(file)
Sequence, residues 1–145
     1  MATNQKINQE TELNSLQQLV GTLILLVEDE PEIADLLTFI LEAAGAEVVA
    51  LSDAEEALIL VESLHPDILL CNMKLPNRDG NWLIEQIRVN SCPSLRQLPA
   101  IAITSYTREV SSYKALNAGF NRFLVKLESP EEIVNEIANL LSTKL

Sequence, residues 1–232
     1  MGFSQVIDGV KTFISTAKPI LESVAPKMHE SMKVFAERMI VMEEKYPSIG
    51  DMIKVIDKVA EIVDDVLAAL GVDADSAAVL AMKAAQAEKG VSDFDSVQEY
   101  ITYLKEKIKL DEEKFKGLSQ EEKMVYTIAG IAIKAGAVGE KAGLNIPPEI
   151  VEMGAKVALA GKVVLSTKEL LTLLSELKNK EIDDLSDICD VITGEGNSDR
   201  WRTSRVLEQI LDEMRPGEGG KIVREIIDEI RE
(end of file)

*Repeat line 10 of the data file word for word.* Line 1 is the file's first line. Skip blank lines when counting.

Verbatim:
   201  WRTSRVLEQI LDEMRPGEGG KIVREIIDEI RE